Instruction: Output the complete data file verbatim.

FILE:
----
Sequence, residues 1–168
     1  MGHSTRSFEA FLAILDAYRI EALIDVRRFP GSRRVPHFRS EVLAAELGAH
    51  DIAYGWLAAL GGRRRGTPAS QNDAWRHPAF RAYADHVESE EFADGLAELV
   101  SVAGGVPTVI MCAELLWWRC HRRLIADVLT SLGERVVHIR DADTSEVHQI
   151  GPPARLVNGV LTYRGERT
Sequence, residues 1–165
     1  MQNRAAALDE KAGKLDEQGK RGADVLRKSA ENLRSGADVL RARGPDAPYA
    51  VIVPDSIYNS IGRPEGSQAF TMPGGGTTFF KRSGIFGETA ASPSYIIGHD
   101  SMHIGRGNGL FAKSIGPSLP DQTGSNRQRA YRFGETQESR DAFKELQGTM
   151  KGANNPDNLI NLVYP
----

Sequence, residues 1–168
     1  MGHSTRSFEA FLAILDAYRI EALIDVRRFP GSRRVPHFRS EVLAAELGAH
    51  DIAYGWLAAL GGRRRGTPAS QNDAWRHPAF RAYADHVESE EFADGLAELV
   101  SVAGGVPTVI MCAELLWWRC HRRLIADVLT SLGERVVHIR DADTSEVHQI
   151  GPPARLVNGV LTYRGERT
Sequence, residues 1–165
     1  MQNRAAALDE KAGKLDEQGK RGADVLRKSA ENLRSGADVL RARGPDAPYA
    51  VIVPDSIYNS IGRPEGSQAF TMPGGGTTFF KRSGIFGETA ASPSYIIGHD
   101  SMHIGRGNGL FAKSIGPSLP DQTGSNRQRA YRFGETQESR DAFKELQGTM
   151  KGANNPDNLI NLVYP